And as I said before I thought of moving to Texas, but mm I think I heard Houston had over a month with it being a 100 degrees. Yea right move there and doesn’t Texas have high property taxes? I know my Northeast home did. And those Northeast cities with extra city taxes if you work or live in a city and school taxes, and also those township taxes. So who is really being overtaxes. I love the great weather having world class entertainment. I have had the chance to attend movie premieres, award shows etc. Not something you can go anywhere else in America.

  • @stevo the inland empire sucks Its the desert. I have been to the Carolinas many times my father in law was from there. That was on my short list with Texas. But after looking at the quality of life My wife and I would had to give up, we said its not worth it. There is a reason real estate is super cheap there. I still find many parts even in 2011 super backward, plus my wife can’t understand that southern accent and I think it would also drive me crazy, plus the humidity is insane, bugs and lousy
    weather. I bet you pay way more insurance then I do for a great homeowner policy.

  • the only high income workers in Cali now are the state employees. but soon that will dry up also.budget deficits as far as the eye can see.hahaha

  • Contrary to an opinion above, CA education isn’t highly ranked and TX is much better. Education Week in their 2011 rankings has CA at 30th overall and TX at 13th. For K~12 CA is 46th and TX is 17th. I’ve lived here 10+ years and the weather is nice but the state is about as screwed up as you can get. (No, I am not from Texas – I just don’t care for people that shoot from the hip with their answers with no facts.) The state is technically bankrupt and so are most counties and cities. Prop 13 simply created new classes of voters to be played politically off against each other. People living side by side in identical houses paying hugely different property taxes and a huge encouragement for absentee owners keeping rentals because of the property tax advantage. High home costs yet huge tracts of land everywhere that can’t be developed for one reason or another. Even when you can develop, you have so many regulations and requirements that your costs go through the roof. With all this what do the politicians spend their time worrying about? Whether a hotel can use fitted sheets or not and the latest ways to keep Walmart Supercenters at bay!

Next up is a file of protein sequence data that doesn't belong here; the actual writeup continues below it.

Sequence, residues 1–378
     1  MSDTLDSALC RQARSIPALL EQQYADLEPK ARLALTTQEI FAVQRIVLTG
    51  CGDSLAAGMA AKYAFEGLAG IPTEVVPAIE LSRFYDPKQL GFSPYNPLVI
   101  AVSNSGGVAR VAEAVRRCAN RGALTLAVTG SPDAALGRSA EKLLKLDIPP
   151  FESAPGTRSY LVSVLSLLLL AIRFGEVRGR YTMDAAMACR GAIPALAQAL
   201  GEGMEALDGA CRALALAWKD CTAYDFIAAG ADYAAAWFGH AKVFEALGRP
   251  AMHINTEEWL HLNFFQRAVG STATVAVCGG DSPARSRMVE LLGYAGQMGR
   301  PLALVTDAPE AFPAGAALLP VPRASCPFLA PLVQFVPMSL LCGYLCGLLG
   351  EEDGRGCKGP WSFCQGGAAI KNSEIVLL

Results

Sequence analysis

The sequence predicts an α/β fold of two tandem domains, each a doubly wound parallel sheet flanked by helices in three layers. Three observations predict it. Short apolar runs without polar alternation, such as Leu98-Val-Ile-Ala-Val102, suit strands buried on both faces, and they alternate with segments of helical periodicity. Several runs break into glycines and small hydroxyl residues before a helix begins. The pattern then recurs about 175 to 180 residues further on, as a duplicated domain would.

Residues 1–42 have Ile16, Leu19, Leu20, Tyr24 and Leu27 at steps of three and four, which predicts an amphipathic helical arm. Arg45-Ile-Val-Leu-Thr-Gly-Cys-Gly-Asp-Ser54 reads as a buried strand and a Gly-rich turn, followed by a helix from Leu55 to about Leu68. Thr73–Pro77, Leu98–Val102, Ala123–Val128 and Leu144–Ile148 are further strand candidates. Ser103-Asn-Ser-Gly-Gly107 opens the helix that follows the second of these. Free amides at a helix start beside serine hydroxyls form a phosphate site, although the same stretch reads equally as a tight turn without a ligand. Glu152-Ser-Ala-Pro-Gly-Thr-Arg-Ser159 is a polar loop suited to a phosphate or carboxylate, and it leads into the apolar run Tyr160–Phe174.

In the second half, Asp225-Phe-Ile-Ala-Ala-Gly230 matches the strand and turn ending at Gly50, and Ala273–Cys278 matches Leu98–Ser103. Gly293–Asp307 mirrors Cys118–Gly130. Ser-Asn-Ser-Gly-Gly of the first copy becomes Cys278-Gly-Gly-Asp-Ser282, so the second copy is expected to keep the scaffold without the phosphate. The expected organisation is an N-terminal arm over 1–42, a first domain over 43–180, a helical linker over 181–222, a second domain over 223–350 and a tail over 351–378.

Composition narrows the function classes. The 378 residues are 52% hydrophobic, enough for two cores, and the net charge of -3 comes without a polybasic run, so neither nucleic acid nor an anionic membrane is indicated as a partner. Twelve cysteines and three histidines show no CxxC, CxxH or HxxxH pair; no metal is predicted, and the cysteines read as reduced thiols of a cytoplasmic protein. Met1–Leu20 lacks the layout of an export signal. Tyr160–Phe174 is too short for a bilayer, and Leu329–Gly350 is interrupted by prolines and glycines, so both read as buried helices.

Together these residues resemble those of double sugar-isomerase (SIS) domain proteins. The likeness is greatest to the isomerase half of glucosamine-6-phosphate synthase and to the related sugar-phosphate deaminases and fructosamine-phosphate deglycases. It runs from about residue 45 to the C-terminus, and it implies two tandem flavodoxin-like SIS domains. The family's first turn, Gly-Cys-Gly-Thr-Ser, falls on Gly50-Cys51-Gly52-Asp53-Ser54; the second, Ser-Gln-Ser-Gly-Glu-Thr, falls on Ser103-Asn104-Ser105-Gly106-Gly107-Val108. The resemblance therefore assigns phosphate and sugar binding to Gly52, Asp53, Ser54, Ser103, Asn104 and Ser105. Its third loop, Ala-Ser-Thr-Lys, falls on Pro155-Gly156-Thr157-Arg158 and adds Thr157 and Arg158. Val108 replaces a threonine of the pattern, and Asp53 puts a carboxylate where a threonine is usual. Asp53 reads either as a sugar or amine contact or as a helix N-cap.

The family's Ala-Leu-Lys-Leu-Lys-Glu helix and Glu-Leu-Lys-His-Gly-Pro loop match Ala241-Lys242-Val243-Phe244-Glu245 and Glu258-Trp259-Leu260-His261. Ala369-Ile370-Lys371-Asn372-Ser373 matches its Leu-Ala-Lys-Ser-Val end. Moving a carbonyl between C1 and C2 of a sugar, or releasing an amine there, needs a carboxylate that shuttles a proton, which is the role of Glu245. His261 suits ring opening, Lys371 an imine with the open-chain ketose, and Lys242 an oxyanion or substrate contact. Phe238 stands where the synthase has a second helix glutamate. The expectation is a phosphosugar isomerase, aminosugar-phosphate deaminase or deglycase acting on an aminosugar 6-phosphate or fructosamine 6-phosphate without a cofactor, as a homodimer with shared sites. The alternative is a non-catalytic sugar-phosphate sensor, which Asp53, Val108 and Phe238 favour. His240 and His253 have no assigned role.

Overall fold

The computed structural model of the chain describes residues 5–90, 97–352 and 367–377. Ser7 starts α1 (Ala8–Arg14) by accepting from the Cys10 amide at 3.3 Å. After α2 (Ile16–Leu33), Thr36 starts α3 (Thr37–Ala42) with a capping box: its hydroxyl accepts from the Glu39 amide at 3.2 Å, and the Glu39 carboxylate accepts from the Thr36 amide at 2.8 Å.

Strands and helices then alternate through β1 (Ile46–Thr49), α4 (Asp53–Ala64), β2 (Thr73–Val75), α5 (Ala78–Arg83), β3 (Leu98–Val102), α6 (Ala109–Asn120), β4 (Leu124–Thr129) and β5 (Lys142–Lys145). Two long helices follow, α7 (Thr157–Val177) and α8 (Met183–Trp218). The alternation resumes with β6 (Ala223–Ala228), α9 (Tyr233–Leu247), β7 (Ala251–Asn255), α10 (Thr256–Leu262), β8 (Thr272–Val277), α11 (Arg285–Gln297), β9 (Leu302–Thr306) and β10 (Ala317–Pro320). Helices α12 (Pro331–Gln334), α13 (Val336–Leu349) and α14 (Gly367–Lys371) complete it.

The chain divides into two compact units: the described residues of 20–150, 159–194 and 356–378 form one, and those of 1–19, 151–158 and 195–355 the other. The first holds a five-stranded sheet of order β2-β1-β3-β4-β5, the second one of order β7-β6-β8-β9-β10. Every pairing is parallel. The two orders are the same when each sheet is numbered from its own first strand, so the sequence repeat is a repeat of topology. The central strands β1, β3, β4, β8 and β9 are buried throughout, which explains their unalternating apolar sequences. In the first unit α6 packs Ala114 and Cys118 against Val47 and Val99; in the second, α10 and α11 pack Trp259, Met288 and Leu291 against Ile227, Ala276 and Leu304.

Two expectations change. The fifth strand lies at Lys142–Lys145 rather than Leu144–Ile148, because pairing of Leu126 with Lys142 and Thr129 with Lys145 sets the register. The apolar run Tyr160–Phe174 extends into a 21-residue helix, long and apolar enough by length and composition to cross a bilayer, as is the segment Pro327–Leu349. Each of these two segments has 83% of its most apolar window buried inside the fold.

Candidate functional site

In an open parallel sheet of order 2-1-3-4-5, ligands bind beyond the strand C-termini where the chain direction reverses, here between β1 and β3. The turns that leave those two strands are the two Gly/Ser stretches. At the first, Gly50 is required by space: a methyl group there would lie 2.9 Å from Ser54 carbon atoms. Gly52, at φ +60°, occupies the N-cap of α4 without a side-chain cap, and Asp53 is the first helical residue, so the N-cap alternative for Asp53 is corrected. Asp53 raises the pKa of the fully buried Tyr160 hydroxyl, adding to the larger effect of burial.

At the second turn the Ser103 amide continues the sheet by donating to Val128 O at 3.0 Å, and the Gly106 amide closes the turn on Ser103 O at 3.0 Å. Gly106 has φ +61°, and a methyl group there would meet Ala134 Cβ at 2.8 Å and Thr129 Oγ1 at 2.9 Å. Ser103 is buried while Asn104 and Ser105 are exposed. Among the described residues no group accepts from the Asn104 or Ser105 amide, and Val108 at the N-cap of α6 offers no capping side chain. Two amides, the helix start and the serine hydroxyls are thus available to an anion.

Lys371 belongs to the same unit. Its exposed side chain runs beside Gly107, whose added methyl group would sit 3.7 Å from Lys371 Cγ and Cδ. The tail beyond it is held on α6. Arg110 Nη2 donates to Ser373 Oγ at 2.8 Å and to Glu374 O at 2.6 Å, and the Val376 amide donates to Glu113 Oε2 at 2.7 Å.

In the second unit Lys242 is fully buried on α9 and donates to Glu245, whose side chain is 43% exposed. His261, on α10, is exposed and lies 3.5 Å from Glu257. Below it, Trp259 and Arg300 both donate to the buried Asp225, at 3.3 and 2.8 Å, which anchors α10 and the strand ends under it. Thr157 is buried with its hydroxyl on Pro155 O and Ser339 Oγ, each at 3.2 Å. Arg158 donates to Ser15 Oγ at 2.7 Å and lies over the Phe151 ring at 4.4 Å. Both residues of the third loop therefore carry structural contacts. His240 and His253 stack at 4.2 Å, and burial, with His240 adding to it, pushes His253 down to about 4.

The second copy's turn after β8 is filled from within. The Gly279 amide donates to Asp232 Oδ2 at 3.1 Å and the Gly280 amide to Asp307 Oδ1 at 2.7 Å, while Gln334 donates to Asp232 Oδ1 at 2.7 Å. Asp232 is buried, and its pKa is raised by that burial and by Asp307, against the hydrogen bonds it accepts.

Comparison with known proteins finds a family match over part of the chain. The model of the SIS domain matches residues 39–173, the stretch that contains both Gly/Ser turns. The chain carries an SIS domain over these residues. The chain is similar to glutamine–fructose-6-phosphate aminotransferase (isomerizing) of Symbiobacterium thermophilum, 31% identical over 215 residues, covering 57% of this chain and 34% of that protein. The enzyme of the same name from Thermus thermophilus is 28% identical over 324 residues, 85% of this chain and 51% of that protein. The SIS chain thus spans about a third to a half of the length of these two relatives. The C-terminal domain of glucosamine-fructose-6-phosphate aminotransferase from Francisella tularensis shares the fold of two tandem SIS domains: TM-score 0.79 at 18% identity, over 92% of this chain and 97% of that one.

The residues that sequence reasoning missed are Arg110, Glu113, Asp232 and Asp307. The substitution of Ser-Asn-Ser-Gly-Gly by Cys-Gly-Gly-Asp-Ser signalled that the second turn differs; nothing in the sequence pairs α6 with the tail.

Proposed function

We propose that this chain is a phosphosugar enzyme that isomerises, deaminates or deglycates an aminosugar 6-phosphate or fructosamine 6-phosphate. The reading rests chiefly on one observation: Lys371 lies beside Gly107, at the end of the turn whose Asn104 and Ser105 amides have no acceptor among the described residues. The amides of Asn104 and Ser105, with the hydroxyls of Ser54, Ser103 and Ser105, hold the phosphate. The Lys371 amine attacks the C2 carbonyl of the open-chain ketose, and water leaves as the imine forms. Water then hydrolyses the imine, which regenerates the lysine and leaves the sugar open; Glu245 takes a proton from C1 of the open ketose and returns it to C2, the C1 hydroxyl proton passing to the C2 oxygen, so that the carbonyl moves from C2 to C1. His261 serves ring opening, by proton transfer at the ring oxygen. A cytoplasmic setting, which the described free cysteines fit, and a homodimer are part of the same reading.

California is not Vail Colorado with a few millionaires outbidding each other for a select few homes. At the end of the day, when the dust settles on the bubble that continues to collapse, the average income in CA needs to be able to afford the average house. You might could justify a reasonable premium for the weather, but then again California is doing everything it can to chase away the jobs that could afford the premium on the homes.